Thursday, May 31, 2012

Craft, Macro and the In-Betweens

Since early this century, craft beer has grown into a force to contend with in the adult beverage industry.  The number of craft breweries today approached 2,000 in the U.S. alone, with overseas craft breweries popping up from Zealand to New Zealand.  For the most part, this is a new industry, not simply one that has grown. This presents several questions:
  1. How was it established?
  2. How did it grow?
  3. Why did it grow?
  4. What does this mean for those breweries that already existed
  5. How will this affect competition in the industries (beer, wine, spirits)
Well, this is a blurry question for it is difficult to pin the establishment of a new industry on one particular moment or person. BUT, Fritz Maytag deserves credit if we were to pin somebody, with his resurrection of Anchor Brewing. From there, breweries like Boston Beer Company (Sam Adams), Sierra Nevada, Leinenkugel's, Pete's Brewing Company, and New Belgium helped cultivate the new industry. Word spread of beers that tasted different than the mass marketed, and quite similar, macro beers from Anheuser-Busch, Miller, Coors and the like. 

The trailblazing effect of these breweries was two-fold. More breweries popped up, and the public's attention was captured. But that's just a portion of the answer. The diversity of America (well, this is my belief anyway) was ripe for plucking by brewers who brewed diverse beers. Finally, those who liked Belgian beers could find some form of them in the States. Same for those who like German, English and Scottish styles of beer. And as time went on the U.S. brewers crept ever closer to matching the quality of their Old World inspirations. 
The new industry grew based on the difference, variety, diversity and culture of craft beer. Yes, culture. Lemme explain. With craft breweries came brewpubs and homebrewers (thanks President Carter). This culture was more of a clique, and cult to some. Craft beer lovers would gather to discover new beers, compare home brew recipes, and ponder life in general. Today, this culture is quite noticeable. Culture is strong, and resists intrusions. More on that later.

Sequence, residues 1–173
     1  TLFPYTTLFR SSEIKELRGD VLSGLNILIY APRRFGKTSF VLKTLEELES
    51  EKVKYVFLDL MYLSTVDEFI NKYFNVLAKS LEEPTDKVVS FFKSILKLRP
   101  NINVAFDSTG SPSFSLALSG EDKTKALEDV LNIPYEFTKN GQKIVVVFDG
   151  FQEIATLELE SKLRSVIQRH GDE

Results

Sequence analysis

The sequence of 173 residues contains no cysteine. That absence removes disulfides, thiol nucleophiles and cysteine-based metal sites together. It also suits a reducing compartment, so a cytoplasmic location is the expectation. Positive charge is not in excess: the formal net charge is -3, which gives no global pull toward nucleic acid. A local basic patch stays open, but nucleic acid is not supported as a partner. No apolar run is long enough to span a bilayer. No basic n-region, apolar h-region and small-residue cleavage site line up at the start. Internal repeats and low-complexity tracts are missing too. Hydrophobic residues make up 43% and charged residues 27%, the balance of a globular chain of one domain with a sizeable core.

Those Existing Breweries:
At first, this new industry meant nothing. To the large brewers this new beer was just a fad, and a very small one at that. Coors then introduced Blue Moon, and they saw its sales numbers sky rocket. Soon Guinness became more popular. A-B joined in with their Michelob "flavor" line, then with Shock Top.  Miller gained control of Leinenkugel's.  Other smaller breweries were bought up, gobbled up, torn up by the big guys. Rolling Rock became A-B property. And recently a beloved Chicago craft brewery, Goose Island, was sold to A-B (which itself was bought out by InBev).  All of this to get a market share of the new market, or to stop the surge of the smaller guys from grabbing a piece of the bigger pie. Whatever the motivations, the big brewers notice the growth of craft beer, and they react with their considerable weight, power and money. (we now see James Bond favoring Heineken and not martinis.  Makes you wanna yell.....KKKAAAAAHHNNN!!!)

Law is one arena where competition is getting...competition. The 3-tier system, excise tax, interstate commerce, on/off-premise sales and consumption, etc. are just several areas where laws affect brewing, beer, consumption, sales and the economy. The big brewers cannot compete with the culture and quality of craft beer, and craft beer cannot compete with the distribution and volume of big brewers. Deciding the tipping point may just be the laws that govern both.
But it's not just breweries who are affected by this 'craft culture'.  Craft spirits and local wineries are gaining momentum. Flavored spirits of odd flavors (marshmallow vodka?) are exploding across the scene. The blandness, even the simple comfort, of non-flavored, base spirits are not attracting the same audience. Consumers want something different, they want quality--or at least diversity--product. They are no longer satisfied with brand loyalty and commercials that use frogs, dogs, comics or celebrities (see: Bond/Heineken above) and not the product itself. 
If one thing craft beer has done for the consumer is that it's made them realize that flavor is important. If a company chooses not to focus on this in their adverts, then it is quite likely this is due to the "familiar" flavor of their product (see: Bond/Heineken above...again). 
What is for sure: the established wine, beer and spirit labels have taken notice to the growing demand of flavor, quality and attention to detail that craft beer has spawned (or awakened).  There may just be a conflict brewing...